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This is going to be an extremely honest and personal blog but something I am keen to promote and share. I hope this will help employers consider the impact IVF, fertility, miscarriage, post natal depression and other such issues can have on their employees and hopefully better support them in the workplace.

Zeal was launched in May 2021, at which time I had a very comfortable full time Head of HR position with a local business. So what made me set the business up when I did?

  1. A new challenge
  2. To set my own work / life balance (which ironically now has me working more than ever but that is a story for another day…)
  3. Because I had been hoping to start a family since 2018, things were not going as planned and I had started IVF

The 3rd reason may seem like a strange one given most people would welcome the security of an employed position with a good maternity package when trying for a baby. In all honesty, after years of trying for a baby, having no control over getting pregnant and the personal uncertainty as to what our future may look like should I not get pregnant, I felt powerless and so something needed to change. While my employer at the time was great, I also didn’t know how (while wanting to keep the fact I was going through IVF private) I would explain the many appointments I would need to attend as part of the process.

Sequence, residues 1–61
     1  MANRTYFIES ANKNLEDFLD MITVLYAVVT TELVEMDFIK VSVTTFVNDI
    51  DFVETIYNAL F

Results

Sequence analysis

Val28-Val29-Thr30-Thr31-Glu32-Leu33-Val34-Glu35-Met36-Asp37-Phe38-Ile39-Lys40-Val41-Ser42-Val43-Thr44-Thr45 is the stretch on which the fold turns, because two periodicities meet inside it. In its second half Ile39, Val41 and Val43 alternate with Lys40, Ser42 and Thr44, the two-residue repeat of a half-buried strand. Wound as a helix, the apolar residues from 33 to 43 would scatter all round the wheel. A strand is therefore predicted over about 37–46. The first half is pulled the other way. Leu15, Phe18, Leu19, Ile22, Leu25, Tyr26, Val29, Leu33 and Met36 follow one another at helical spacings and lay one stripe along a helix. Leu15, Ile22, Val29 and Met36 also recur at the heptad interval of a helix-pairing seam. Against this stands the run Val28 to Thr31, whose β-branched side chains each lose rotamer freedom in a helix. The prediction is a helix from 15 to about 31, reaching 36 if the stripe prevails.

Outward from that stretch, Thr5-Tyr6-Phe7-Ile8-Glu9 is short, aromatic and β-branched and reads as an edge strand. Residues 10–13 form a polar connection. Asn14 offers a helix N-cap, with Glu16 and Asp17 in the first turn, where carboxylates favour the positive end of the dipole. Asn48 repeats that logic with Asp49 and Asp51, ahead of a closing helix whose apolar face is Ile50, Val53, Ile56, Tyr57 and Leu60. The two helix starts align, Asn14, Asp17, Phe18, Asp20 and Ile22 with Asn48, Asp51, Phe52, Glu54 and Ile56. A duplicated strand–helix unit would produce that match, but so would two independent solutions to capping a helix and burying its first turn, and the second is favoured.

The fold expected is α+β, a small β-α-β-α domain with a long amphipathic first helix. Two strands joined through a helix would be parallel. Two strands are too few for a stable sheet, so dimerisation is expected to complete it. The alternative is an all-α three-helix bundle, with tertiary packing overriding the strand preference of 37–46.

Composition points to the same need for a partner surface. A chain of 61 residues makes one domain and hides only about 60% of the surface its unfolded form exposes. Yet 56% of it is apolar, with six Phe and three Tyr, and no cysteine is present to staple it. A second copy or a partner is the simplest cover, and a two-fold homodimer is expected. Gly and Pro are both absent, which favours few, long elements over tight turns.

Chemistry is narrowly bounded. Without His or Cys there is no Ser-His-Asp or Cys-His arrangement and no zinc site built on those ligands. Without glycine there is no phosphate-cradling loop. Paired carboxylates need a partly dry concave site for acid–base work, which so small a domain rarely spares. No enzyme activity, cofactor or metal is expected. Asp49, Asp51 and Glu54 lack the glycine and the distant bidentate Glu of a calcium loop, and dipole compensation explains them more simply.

In April 2021, we started our first round of IVF (again starting a business at the same time as starting IVF seems strange timing…) which involved 4-5 weeks of medication and a whole week in Leeds for the IVF treatment itself. Filled with optimism we thought IVF = Baby… how wrong we were – this would be the start of a very challenging, heavily medicated, expensive and emotionally draining process (on top of the disappointments and frustrations of the previous 3 years)!

Little did we know it would be 4 full rounds of IVF and 5 trips to Leeds (each requiring a 1 week stay in Leeds) over a period of around 18 months before we would eventually have a successful IVF transfer in June 2022.

I can honestly say I was entirely ignorant of the physical and mental toll IVF would take on me and my husband. It was more difficult than I could have imagined and I consider myself to be quite a robust person. I have with a great support network around me but the process of IVF was more difficult than I could have imagined. It is difficult for all of the obvious reasons, but with so many people keeping their conception journey and even their pregnancy private until the 3 month mark, this makes IVF (and similar issues) even more difficult as it often involves taking time off work for appointments as well as trips to the UK so when you need so much time off, it becomes is often hard to keep private. On top of that there is the financial pressure of funding the treatment (which isn’t always covered on the NHS).

It can be really hard for employees to manage this alongside their work and even harder for employers to support their employees when often they don’t know anything is going on!